Charlie loves her video games as much as she loves dumb, charming JRPG protagonists: probably way too much. You can often catch her spending too much time being emotional over LGBT stories in games. She also thinks Yakuza 6 is the best one.
Have you ever played a game that is written and crafted in such a way that playing it feels like poetry in motion? I’m late to the party, but Disco Elysium – The Final Cut is just that. Curling up with a tea in bed, controller in hand and sinking into its world, I’m immersed and impressed by its beauty. Even when its language and worldbuilding sometimes goes over my head. It’s just that good.
If you’ve at all been paying attention to gaming over the past few years, you’re likely quite versed in Disco Elysium’s gist. It’s a wickedly smart RPG starring an alcoholic detective who must solve a murder case while class war tensions rise on the streets all the while battling with his own mind. Its premise is tense. In the middle of all of that, the original version of Disco Elysium even found time to talk about and discuss political ideologies with the player. There’s a reason it was so highly acclaimed for the Checkpoint Gaming team and even won the Best Narrative Award at the 2019 Game Awards. What I’ve just described for you is the reason. Disco Elysium has a real majesty to it.
Barring the now full voice acting, the Final Cut has one key addition: exploring these political ideologies even further. What this looks like is a new individual quest for each of the political alignments you can slot into that amnesiac detective’s brain. Simply have one of these alignments banked in your thought by the end of the third day and you’ll be able to embark on the relevant quest! In my instance, I went the good old Communist route. After spending a good 10-15 hours in the game to get to this point, it’s the one that made the most sense for my detective.
What followed is only further enrichment to a game already rich with a wonderful exploration of politics and storytelling. My communist run of the Final Cut leant me on a wild goose chase from the get-go. As per standard for Disco Elysium, one of the many personalities of your oh-so-complex brain talks to you on the morning of the fourth day, stressing the urgency of a new task. My new task to kick off my communist adventures? Literally, sniff out my comrades. I’m serious. Awaking in my shack and stepping out into the world of Martinaise once more, I had to run about the streets and alleys until I happened upon a scent that perchance reminded me of a fellow communist.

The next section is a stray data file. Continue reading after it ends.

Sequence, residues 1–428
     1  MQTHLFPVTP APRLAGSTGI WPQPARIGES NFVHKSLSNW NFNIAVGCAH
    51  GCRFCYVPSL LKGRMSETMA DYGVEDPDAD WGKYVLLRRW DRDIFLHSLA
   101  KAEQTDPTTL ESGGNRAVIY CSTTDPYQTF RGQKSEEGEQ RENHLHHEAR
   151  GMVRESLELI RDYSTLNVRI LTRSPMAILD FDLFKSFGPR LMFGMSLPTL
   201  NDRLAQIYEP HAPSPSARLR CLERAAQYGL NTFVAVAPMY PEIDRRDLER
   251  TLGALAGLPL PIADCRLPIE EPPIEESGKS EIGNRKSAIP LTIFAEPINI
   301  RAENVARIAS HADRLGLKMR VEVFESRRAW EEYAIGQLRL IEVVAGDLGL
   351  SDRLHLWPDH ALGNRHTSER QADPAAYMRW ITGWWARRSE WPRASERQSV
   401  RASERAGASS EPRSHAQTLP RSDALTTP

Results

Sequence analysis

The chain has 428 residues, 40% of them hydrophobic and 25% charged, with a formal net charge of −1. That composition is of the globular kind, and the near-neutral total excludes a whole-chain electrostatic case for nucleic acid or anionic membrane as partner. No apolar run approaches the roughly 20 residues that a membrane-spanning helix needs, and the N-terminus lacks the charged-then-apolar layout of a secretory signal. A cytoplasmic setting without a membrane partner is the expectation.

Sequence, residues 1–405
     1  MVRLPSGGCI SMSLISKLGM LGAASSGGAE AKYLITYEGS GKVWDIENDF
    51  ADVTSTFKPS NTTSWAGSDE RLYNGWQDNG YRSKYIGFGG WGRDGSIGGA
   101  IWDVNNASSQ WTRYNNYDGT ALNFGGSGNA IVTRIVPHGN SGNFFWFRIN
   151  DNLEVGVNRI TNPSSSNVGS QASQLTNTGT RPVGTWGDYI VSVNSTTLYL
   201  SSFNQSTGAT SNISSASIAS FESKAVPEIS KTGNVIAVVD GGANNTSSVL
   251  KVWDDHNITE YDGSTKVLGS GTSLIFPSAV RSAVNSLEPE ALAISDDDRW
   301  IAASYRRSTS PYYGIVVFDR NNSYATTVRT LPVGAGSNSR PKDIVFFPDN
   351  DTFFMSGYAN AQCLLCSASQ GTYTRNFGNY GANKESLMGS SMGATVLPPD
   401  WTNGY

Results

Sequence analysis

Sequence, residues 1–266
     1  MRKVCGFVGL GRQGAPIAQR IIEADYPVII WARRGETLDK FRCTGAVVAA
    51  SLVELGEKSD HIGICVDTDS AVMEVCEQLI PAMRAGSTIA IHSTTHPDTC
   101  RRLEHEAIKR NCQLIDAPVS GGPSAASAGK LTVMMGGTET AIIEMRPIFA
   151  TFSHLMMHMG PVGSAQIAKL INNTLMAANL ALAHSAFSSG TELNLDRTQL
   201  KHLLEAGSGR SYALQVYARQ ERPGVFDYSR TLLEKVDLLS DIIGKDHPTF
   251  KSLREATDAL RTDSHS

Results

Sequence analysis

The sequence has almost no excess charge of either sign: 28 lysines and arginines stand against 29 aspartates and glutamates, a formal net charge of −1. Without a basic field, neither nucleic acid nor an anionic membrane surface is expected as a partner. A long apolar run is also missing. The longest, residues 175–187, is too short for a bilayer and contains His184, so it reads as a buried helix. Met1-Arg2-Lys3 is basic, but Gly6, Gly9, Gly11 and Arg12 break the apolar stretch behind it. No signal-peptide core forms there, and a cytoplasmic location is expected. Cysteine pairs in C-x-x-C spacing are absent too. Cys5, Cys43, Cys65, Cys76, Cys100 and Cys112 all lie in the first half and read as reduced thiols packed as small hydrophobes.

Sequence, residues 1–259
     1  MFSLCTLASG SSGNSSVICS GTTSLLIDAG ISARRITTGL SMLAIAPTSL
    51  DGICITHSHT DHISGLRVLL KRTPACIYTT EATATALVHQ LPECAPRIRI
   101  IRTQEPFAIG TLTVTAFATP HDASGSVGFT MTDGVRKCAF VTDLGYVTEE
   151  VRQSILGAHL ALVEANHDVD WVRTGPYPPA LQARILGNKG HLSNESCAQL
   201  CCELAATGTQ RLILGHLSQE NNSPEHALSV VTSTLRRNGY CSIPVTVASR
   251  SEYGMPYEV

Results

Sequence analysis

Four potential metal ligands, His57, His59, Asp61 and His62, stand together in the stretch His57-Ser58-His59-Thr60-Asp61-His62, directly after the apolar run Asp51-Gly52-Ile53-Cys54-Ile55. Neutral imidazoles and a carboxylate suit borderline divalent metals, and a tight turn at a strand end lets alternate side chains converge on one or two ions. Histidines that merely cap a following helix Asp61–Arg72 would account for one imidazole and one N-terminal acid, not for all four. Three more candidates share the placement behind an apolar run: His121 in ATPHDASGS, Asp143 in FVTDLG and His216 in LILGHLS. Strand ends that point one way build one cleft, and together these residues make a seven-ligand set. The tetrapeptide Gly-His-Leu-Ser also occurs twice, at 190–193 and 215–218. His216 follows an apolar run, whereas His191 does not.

From there, it only got even more simultaneously wickedly smart and downright hilarious. Finding the ins and outs of how to get into one of these secret communist book club meetings, the detective found themselves seeking answers from an individual that already expressed a distaste for the law. Not entirely convinced that both Kim and the alcoholic detective were seeking this meeting for just reasons, they were allowed admittance to the meeting on one condition: the detective has to oink like a pig for them.
“Have you ever played a game that is written and crafted in such a way that playing it feels like poetry in motion? …Disco Elysium: The Final Cut is just that.”
I won’t delve too much further into spoilers for the ongoings of what goes on in the quest, but know that attending multiple meetings allows for a number of things, depending on your approach. You can absolutely wing it and tell lie after lie, having the other members eat out of your hand (I’m less fond of this option as it paints those that follow Communist ideology in an entirely naive light – not always the case), or you can engage in some wonderful and absolutely stimulating debates. All while playing a video game. How amazing and exciting is that?